Spring lecture series

Ancient Greece

How have the art and culture of ancient Greece echoed through the ages? What problems did the Greeks tackle that we still struggle with today? Explore these and other questions in our lecture series, which brings to life the ideas and times of ancient Greece.


Ancient Greece: The Emergence of Logos

During what philosopher Karl Jaspers termed the “axial age” (800–200 BCE), ancient Greece gave birth to a unique way of thinking. Rather than explaining the world in terms of mythos— poetic myths—thinkers began to examine the great questions through logos— rational investigation. This process was termed “philosophy,” from the Greek phileo (love) and sophia (knowledge, wisdom). In this lecture we will see how ancient Greek philosophers considered, among other questions, a fundamental inquiry that has underpinned Western thinking: what is more believable, mind or matter?

Note: Adapted from a class in Plato and Aristotle: A Beginner’s Guide, offered in fall 2018.

Currently not available for registration.



Ancient Greece: Ancient Lessons for Modern Medicine

Hippocrates, the father of modern medicine, insisted that physicians acknowledge the limitations of medicine and refrain from “treating those who are overmastered by their diseases.” As a result, physicians treated curable diseases, while conditions identified as chronic and incurable fell increasingly under the care of priests of Asclepius, the Greek god of medicine. We will explore the enduring implications of this early classification of disease for health care practices in the 21st century, with an emphasis on heroic and compassionate medicine and the emergence of assisted dying as an accepted medical treatment.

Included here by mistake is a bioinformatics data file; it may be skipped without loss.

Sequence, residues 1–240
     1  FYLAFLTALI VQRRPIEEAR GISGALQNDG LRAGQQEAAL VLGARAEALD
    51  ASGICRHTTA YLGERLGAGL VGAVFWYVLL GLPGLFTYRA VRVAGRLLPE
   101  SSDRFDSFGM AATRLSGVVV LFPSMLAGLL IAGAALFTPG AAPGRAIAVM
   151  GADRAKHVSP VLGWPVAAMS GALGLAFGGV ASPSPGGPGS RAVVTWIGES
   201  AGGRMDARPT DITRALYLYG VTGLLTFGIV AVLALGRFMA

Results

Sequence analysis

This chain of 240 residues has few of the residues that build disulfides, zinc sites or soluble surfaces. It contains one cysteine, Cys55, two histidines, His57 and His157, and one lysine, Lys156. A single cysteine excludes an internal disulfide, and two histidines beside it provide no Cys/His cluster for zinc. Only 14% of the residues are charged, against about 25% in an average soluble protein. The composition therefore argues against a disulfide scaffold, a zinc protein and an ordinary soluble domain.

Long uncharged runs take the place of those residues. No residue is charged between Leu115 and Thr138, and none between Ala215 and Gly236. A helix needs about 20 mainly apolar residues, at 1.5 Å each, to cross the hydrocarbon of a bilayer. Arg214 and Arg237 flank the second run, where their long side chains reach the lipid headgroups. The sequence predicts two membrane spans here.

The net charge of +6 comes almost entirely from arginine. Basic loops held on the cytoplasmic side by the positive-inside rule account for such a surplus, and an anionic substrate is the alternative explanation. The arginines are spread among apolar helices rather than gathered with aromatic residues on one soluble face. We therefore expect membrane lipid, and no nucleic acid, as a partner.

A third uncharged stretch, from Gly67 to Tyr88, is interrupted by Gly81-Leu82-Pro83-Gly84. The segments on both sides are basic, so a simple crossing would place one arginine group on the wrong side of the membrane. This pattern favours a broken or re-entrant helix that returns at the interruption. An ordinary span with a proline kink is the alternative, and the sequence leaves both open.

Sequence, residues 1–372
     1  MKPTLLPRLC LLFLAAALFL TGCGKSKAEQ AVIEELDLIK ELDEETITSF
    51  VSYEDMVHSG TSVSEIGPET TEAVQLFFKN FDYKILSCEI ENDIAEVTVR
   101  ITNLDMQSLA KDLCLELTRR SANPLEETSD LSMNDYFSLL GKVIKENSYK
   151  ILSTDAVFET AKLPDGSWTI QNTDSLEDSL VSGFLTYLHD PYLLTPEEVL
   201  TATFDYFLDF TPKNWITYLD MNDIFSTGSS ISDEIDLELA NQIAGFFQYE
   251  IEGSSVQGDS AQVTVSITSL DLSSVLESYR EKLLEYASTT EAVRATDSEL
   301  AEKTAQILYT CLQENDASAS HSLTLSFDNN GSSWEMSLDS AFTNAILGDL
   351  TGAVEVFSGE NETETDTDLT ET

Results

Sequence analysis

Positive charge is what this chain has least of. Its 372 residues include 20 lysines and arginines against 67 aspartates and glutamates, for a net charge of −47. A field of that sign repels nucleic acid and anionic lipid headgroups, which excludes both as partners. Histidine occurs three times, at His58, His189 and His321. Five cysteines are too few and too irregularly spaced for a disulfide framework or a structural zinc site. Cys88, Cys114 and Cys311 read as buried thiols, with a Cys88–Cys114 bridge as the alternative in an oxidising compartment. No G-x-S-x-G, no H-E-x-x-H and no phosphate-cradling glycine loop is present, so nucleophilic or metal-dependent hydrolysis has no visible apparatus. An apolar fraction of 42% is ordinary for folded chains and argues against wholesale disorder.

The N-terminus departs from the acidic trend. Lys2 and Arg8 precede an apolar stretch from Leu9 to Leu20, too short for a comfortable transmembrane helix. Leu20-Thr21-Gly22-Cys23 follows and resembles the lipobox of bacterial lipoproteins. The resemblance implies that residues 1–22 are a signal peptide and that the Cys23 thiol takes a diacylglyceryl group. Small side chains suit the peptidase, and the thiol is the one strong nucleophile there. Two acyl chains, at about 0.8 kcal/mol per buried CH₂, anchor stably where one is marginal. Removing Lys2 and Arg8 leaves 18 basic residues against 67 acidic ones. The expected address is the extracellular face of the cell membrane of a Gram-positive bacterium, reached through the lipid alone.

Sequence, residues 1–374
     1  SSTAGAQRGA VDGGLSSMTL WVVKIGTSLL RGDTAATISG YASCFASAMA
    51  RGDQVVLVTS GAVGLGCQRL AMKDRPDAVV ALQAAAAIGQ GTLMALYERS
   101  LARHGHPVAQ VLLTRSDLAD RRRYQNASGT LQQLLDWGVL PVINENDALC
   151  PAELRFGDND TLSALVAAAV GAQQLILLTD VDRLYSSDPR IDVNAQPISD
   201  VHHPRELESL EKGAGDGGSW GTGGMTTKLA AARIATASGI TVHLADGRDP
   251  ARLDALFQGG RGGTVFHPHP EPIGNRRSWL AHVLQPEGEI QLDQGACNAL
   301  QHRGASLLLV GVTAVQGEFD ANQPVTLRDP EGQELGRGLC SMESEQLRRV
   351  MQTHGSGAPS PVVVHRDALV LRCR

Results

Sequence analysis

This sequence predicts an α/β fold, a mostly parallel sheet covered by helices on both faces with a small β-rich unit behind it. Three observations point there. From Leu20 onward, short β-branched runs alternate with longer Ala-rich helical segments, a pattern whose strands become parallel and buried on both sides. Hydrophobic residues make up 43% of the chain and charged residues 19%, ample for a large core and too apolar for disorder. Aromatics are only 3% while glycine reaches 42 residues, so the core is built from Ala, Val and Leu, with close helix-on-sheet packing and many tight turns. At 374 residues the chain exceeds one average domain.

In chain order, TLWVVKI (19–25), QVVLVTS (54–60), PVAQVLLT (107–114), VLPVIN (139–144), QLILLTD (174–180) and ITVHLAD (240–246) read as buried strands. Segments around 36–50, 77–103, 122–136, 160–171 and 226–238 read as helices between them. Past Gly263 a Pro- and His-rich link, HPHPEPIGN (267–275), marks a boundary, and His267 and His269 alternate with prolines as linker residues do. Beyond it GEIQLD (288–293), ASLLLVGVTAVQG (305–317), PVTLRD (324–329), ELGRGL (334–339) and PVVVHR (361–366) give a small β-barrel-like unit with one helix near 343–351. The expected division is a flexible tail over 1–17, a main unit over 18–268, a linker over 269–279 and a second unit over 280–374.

Currently not available for registration.



Ancient Greece: Aphrodite in Art

When the Romans adopted the Greek pantheon, the goddess of love, Aphrodite, became Venus. We will examine the life and loves of the Greek and the Roman goddess in artworks by Tintoretto, Velázquez, Botticelli, Titian, Carracci, Veronese and others who created dramatic scenes with Aphrodite/Venus and Hephaestus, Mars and Adonis. We’ll also consider the goddess of love as the subject of domestic and erotic art, culminating in Manet’s Olympia. Among other works, we’ll consider Cézanne’s A Modern Olympia, Gauguin’s The Loss of Virginity, Goya’s The Nude Maja, Ingres’s La Grande Odalisque, Titian’s Sacred and Profane Love and Velázquez’s The Rokeby Venus.

Currently not available for registration.



Ancient Greece: Athenian Democracy: Engagement and Dissent

At its zenith, ancient Athens was a vibrant democracy that relied on an unheard-of level of engagement by its citizens and produced much of the art, literature and thought that characterizes classical Greek civilization. But democratic Athens also executed Socrates, brutally governed the city’s empire, extorted and massacred its allies and severely punished officials who failed to perform. We’ll examine the peculiar features of Athenian democracy, seeing how it was designed to prevent abuse and corruption, but also why virtually all Greek thinkers, including Plato and Aristotle, saw democracy as a flawed form of governance.

Currently not available for registration.


How will I learn?

  • Lectures
  • Discussion (may vary from class to class)
  • Audio and/or video clips

Textbooks and learning materials

Reading material (if applicable) will be available in class.

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